This week, the British Labour Party has launched a new attack on the government on falling living standards. Real wages have been falling consistently since the coalition took power; OBR figures project that the median worker will be £6,660 worse off in real terms in 2015 than in 2010.
Labour is right to point out that it is morally wrong that workers should bear the cost for the sins of bankers and the failure of regulators. But in economic terms the position is less clear-cut. As the Financial Times editorial of 7 August put it, “voters have grudgingly accepted that their living standards had to drop for the economy to recover”.
The FT comment assumes the existence of an inverse short-period relationship between real wages and employment. As real wages fall, more workers can be profitably employed.
The argument is that, with a fixed capital stock, the marginal product of labour falls as extra workers are hired. More and more workers have to share the same capital, and an extra worker can add less and less to total output. Hence firms will demand a higher quantity of labour only if the real wage falls to compensate for the reduction in the marginal product of the last worker when more workers are employed.
In his General Theory, Keynes accepted this piece of neoclassical nonsense, but argued that ‘there may exist no expedient by which labour as a whole can reduce its real wage to a given figure by making money bargains with the entrepreneurs’. (13) This was because cuts in money wages would reduce prices in ‘almost the same proportion, leaving the real wage and the level of employment practically the same as before’. (12) It would be far more sensible, he said, to expand the quantity of money so as to cause prices to rise faster than money wages. (267-8)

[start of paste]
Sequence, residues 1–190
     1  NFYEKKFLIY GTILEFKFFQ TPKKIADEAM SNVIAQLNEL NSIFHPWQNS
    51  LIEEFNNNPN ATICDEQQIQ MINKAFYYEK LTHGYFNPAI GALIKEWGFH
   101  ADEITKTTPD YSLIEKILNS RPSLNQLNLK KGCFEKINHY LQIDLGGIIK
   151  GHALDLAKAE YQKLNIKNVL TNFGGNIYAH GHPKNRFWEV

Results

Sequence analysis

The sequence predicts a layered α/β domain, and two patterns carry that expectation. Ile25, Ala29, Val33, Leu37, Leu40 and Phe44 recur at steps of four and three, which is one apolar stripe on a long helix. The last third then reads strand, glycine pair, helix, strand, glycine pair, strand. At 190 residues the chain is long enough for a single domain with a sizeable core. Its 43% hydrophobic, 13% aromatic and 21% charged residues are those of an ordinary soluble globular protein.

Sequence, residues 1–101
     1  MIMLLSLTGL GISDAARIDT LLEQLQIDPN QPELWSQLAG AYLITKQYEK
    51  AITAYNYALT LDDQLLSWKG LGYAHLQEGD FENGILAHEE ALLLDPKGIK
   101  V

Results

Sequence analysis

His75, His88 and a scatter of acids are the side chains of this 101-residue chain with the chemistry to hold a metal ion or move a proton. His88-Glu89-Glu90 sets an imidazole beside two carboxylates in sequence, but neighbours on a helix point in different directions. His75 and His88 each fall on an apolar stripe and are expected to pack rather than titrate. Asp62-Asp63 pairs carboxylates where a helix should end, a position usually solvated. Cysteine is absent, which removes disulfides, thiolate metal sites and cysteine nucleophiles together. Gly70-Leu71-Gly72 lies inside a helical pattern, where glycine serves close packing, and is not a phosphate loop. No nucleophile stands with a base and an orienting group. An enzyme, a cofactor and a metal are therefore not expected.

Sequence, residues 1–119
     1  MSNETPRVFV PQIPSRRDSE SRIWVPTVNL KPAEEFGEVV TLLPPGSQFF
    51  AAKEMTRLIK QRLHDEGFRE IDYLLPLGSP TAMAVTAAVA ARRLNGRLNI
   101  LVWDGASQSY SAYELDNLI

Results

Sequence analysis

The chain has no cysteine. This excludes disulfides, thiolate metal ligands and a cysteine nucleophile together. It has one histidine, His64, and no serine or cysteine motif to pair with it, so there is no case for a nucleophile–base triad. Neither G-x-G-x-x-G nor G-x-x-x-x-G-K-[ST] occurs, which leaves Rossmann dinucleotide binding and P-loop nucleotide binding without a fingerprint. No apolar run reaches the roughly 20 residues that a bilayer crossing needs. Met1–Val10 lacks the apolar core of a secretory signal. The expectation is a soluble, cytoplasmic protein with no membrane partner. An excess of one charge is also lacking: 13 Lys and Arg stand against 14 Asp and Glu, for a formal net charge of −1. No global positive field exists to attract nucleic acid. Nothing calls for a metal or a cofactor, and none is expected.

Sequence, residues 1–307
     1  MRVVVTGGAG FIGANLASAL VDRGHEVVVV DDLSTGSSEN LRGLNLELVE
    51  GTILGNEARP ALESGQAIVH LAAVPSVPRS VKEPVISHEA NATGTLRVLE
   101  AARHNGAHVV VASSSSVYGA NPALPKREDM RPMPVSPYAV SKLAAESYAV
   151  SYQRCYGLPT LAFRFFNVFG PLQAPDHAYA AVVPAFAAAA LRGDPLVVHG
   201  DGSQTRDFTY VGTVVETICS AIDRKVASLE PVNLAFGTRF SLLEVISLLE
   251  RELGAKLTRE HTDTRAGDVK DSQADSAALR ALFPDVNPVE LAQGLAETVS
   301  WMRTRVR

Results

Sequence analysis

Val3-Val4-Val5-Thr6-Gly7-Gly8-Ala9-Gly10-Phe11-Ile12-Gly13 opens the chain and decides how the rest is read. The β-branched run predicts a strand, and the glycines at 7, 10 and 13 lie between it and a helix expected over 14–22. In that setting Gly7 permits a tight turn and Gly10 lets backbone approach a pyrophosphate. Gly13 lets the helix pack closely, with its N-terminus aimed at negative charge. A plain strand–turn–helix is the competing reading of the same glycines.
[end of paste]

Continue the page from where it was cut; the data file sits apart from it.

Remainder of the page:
This, it seems to me, is the mechanism for recovery that western governments have stumbled on, in the absence of any other positive ideas. They have gone for inflation to reduce the real cost of debts, private and public, and to lower unemployment through cuts in real wages. Hence the current enthusiasm for quantitative easing as the way out of the crisis. However, two questions arise:
(a) How much inflation will QE actually produce? The consensus seems to be that it will produce enough to overcome the deflationary impact of fiscal consolidation. Indeed, the massive injections of money into the economy since 2009 must partly explain the decline in the real earnings of labour and the relatively modest rise in unemployment since then.
(b)How robust is the inverse relationship between real wages and employment? There is a lot of data showing that real wages move pro-cyclically, not counter-cyclically. A correlation isn't a cause, but it is reasonable to believe that employment improves when wages improve, for workers' greater spending is employers' expected greater income. On this view, the FT is way off the mark in suggesting that recovery requires a drop in living standards.
The gamble of western governments seems to be that the asset boom created by QE will be sufficient to overcome the depressive effects on consumption and investment of the decline in average real earnings.
I doubt this. It may be able to offset the decline in real spending for a time (and in some sectors) but failure to restore a broad-based market for consumption is bound to abort the recovery before long. The fact is that QE creates far more losers than winners. So we should not be too keen to revise our growth forecasts upwards.